This section is primarily Photographic, featuring large size
images with supporting text where necessary.
Courtesy of Tremblant.ca
There are a number of factors pointing to the Winter of 2018/19
having extraordinary potential. Of all those factors, the most
significant is the very early sustained Sub-Zero C coolness that has
been able to support retained snowmaking, as well as natural snowfall,
since late October.
This is a archival history reference.
First Observed Snowmaking.
10.26.18 Lowell Thomas High Speed Detachable Quad Installation
Observations, Summit Level. 8 Days Later...
Obvious winter-like Summit conditions. Very heavy frost and visible accumulated snowfall to top
of Expo sector, Versant Nord, North Side. Normally, history would not show such early snowfall or snowmaking
being able to “Stick” so early, but not only has the initial test remained,
we can also see natural snow down to the level of the “Flying Mile” sector. 5 Days Later...
In this sequence, we see Snowmaking firmly established from
Summit to both Versant Sud, South and Versant Nord, North Bases.
For this to be happening on November 11th is truly extraordinary
and it is the principal reason of hope for Tremblant Ski/Board fans
to expect Total Mountain Vertical on Opening Day.
Unofficially, we think this is only the third time in #Tremblant history
since 1939, that the Mountain will Open with Summit-To-Base on
both major sectors.
3 Days Later...
By now, “Fall” is beginning to seem like a distant memory...
If you showed this picture to any Tremblant-regular any other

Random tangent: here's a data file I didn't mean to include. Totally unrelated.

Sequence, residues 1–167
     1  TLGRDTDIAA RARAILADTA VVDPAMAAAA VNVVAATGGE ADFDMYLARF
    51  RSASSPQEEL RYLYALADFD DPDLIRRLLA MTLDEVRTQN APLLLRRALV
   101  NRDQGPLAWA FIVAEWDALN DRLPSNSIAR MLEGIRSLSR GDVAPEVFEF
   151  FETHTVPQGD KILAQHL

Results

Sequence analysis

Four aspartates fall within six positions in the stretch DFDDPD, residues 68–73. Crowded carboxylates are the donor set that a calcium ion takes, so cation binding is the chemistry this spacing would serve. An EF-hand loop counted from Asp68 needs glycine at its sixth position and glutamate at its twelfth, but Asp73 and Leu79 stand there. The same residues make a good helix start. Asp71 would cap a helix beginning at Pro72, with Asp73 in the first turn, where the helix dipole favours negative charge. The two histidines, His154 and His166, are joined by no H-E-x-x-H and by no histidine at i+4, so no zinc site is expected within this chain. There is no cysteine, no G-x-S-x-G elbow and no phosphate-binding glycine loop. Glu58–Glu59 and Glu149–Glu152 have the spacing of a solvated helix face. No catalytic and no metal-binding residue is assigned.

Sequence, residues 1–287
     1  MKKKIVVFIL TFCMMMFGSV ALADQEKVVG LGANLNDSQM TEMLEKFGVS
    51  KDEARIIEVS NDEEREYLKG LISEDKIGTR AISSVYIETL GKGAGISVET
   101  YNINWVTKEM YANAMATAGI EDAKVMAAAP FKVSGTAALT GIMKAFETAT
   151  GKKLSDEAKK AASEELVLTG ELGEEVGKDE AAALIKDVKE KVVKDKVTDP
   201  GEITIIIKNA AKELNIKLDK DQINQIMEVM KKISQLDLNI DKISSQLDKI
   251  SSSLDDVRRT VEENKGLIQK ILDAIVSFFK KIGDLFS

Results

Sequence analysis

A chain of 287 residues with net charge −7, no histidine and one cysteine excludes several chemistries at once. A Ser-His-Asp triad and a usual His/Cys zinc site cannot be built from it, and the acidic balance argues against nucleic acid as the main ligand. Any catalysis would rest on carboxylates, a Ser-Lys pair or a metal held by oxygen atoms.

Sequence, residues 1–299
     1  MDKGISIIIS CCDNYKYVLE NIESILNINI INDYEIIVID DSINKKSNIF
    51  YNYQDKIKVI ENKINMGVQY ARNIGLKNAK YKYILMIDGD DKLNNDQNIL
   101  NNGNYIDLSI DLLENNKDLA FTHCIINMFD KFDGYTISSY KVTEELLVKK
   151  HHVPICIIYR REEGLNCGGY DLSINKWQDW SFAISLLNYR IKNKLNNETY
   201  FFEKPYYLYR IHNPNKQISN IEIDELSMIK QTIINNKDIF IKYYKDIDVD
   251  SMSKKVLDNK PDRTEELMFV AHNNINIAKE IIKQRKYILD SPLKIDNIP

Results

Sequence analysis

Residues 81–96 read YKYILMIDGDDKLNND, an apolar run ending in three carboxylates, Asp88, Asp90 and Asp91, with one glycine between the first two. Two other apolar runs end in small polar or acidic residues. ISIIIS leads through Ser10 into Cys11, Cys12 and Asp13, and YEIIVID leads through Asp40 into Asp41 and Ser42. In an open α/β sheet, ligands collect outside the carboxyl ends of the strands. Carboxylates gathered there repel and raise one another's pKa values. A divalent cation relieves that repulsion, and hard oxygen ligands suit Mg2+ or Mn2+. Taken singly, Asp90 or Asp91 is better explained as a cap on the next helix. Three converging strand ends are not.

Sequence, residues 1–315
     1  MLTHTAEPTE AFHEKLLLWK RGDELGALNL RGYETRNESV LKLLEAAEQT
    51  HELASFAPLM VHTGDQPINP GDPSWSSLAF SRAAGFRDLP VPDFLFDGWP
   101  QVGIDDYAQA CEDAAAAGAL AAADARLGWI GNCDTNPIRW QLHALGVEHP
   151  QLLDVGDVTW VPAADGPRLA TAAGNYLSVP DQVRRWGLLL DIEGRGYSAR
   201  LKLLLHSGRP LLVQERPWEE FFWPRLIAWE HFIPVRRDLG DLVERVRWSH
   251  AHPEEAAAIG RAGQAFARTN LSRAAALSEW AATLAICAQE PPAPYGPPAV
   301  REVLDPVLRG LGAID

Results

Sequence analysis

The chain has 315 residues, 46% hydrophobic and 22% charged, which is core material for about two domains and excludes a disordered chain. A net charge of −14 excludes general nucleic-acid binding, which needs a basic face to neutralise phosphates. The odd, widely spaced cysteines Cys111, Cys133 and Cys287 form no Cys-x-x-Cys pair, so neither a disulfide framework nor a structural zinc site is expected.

year and told them it was December 20th, they would believe
you in a heartbeat!
A very important observation below is the clearly evident
installation of the main Lift Cable on the new Lowell Thomas
High Speed Quad.
1 Day Later...
An important observation here, in addition to all the early snow,
is the reconfiguration of “Rope Tow”, the trail just below the new
Lowell Thomas Quad. The Versant Nord, North Side Terrain Park
that was here for roughly the last 10 years or so, is being relocated
to the bottom of Sissy Schuss, so this upper North side sector appears
to be returning to its roots as an open Alpine Ski Trail.
The entrance fence that was located here for many years has
been removed. The “One-At-A-Time” restriction, as well as the
odd wear pattern the narrow entrance created, are gone.
There will be may older Tremblant Fans who will be very excited
about that because they have missed its wide expanse of rolling
pitches that are easy to navigate and get excellent Summit-Level